|Directed by||Dino Risi|
|Written by||Rodolfo Sonego|
|Edited by||Alberto Gallitti|
|Music by||Armando Trovajoli|
Alberto Nardi (Alberto Sordi) is a Roman businessman who fancies himself a man of great capabilities, but whose factory (producing lifts and elevators) teeters perennially on the brink of catastrophe.
Alberto is married to a rich and successful businesswoman from Milan, Elvira Almiraghi (Franca Valeri) who has a no-nonsense attitude and barely tolerates the attempts of her husband to keep his factory afloat with her money.
Alberto tries to "keep up" with his wife and her rich and successful friends but he only manages to ridicule himself. Amused by his antics Elvira publicly treats her husband as a silly clown, confident that he'll never leave her in the hope of profiting from her fortune.
One day a train on which Elvira was supposed to be traveling (to pay visit to her old mother) suffers a horrible accident falling off a bridge and no survivors are reported.
Alberto is overjoyed and in a veritable ecstatic rush plans to liquidate most of Elvira's assets, brings his mistress in her country villa and starts dreaming of a bright future only to be frustrated when Elvira appears alive and well: a last-minute phone call from his own accountant and handyman (Marquis Stucchi) prevented her from boarding the doomed train.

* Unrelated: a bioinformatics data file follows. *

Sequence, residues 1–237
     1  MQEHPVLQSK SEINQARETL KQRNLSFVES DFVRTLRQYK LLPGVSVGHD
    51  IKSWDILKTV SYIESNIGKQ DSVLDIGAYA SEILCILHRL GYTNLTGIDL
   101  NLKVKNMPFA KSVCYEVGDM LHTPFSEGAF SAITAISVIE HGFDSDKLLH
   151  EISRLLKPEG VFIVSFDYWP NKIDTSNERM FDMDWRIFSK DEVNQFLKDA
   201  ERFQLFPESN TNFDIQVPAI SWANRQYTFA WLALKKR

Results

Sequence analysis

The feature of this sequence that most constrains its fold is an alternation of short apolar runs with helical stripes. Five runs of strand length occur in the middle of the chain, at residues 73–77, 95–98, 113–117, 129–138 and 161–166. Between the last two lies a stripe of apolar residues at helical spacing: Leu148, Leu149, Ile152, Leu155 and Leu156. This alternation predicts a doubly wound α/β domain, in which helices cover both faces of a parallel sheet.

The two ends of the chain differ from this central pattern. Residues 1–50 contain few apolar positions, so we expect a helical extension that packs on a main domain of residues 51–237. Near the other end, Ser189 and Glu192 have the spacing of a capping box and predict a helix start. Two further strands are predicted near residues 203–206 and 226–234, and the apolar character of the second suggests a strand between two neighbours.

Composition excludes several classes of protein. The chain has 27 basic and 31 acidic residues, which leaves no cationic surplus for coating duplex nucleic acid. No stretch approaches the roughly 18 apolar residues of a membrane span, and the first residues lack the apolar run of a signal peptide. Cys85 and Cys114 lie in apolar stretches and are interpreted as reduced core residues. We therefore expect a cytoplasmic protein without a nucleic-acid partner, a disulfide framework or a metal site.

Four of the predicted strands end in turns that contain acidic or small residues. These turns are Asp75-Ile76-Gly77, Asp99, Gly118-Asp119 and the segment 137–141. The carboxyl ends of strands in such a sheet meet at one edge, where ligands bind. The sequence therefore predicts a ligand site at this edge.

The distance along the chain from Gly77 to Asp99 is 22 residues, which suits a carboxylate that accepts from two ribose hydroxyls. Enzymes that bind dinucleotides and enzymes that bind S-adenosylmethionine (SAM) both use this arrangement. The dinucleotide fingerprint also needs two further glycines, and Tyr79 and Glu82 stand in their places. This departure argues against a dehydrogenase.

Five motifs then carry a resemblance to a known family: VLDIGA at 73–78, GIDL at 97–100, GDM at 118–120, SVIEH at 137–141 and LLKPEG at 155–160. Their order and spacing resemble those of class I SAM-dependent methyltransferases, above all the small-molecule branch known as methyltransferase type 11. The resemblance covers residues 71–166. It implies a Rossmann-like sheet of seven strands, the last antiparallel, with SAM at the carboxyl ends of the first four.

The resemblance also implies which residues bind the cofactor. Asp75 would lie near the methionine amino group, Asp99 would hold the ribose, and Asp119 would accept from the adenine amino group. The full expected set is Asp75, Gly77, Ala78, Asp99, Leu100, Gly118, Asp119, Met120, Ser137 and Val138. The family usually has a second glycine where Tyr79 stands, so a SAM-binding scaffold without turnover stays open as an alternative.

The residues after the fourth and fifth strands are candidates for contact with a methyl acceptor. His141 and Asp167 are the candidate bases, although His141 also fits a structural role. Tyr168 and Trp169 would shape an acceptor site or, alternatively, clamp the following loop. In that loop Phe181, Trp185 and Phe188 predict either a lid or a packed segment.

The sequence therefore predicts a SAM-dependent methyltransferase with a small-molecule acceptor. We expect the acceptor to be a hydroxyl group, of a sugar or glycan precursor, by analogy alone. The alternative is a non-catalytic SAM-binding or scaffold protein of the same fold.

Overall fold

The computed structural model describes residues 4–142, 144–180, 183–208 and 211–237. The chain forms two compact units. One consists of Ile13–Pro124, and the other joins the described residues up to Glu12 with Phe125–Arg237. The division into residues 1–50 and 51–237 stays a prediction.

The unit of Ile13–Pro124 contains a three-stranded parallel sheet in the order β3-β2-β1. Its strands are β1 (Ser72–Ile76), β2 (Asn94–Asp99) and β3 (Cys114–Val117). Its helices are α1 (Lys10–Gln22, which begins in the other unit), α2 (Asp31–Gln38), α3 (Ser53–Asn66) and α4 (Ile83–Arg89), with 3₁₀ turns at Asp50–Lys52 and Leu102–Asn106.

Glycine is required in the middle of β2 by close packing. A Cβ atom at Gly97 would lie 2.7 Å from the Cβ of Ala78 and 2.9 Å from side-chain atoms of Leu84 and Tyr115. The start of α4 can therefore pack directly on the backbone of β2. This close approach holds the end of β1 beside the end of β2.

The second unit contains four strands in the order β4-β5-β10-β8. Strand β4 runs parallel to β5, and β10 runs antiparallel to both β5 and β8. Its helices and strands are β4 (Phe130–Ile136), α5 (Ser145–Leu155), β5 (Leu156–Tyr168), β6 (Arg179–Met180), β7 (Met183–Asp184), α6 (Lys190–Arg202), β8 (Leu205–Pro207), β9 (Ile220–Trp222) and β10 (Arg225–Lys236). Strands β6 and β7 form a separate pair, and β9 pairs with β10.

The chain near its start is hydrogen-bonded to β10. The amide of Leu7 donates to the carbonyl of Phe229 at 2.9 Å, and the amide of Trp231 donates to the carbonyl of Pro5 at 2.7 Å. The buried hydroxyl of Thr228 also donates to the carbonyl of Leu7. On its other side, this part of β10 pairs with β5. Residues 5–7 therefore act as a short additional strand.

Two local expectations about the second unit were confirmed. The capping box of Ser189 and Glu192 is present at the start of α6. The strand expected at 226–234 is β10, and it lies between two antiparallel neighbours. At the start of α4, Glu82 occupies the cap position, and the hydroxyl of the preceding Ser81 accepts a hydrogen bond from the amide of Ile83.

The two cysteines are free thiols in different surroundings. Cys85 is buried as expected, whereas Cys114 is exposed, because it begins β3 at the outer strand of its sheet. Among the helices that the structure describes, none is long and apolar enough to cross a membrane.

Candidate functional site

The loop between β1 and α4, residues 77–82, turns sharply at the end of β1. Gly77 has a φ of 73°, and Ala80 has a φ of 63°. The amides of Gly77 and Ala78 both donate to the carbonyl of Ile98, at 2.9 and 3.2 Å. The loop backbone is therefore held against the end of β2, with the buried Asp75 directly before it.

Frustration and anger throw Alberto in a nervous breakdown from which he emerges with a diabolic plan: to sabotage the elevator in the city attic he shares with Elvira to have her killed and inherit her fortune for good.
The German engineer working in his factory agrees with Nardi's plan and with the help of unlikely accomplices like Marquis Stucchi and his own uncle (who acts as Alberto's chauffeur) the murderous project is set in motion, with an unintended and tragicomical result. The movie is a splendid example of the commedia all'italiana which Risi directs on an unusually black register where Sordi depicts an outrageously sleazy character (arrogant to his subjects, megalomaniac, a bigoted unrepentant fascist who yet longs for recognition from the businessmen who envies). It is also a period piece, showing the contradictions and miseries lying behind Italy's postwar economic miracle.
- Alberto Sordi: Alberto Nardi
- Franca Valeri: Elvira Almiraghi
- Livio Lorenzon: Marquis Stucchi
- Leonora Ruffo: Gioia
- Nando Bruno: Nardi's Uncle
- Nanda Primavera: Italia, Gioia's Mother
- Mario Passante: Lambertoni
- Enzo Petito: Fritzmayer
- Ruggero Marchi: Fenoglio
- Gigi Reder: Girondi
- Enzo Furlai: Giordano
- Angela Luce: Margherita
- Ignazio Leone: Doorman
- Alberto Rabagliati: Himself
- Rosita Pisano: Nardi's Secretary
When Il Vedovo was first released in Italy in 1959, it was subject to review by the Committee for Theatrical Review of the Italian Ministry of Cultural Heritage and Activities. Before being screened publicly, the Committee recommended the removal of the following: 1) Father Agostino, who took part in the funeral as a priest, is shown sipping a glass of wine; 2) Elvira’s line “She is a fool, an Anita Garibaldi type of fool… but instead of a hero she found my husband.”
The reason for the restriction, cited in the official documents, is because the aforementioned scene was considered immoral and the line running against national reputation and decency.
The official document number is N° 3036; it was signed on 17 Nov 1959 by Minister Domenico Magrì.
This article needs additional citations for verification. (January 2021)
- "Wannabe Widowed". Film Italia. Retrieved 16 July 2020.